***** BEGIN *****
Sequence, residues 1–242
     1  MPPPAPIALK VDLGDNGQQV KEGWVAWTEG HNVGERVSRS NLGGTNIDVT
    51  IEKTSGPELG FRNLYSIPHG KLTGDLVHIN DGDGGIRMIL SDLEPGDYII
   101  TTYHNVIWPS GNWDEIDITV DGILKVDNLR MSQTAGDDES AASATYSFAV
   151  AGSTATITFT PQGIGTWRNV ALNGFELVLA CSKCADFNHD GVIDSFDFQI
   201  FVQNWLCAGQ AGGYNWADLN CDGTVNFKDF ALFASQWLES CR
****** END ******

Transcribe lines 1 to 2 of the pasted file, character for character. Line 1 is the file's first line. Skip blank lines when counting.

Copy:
Sequence, residues 1–242
     1  MPPPAPIALK VDLGDNGQQV KEGWVAWTEG HNVGERVSRS NLGGTNIDVT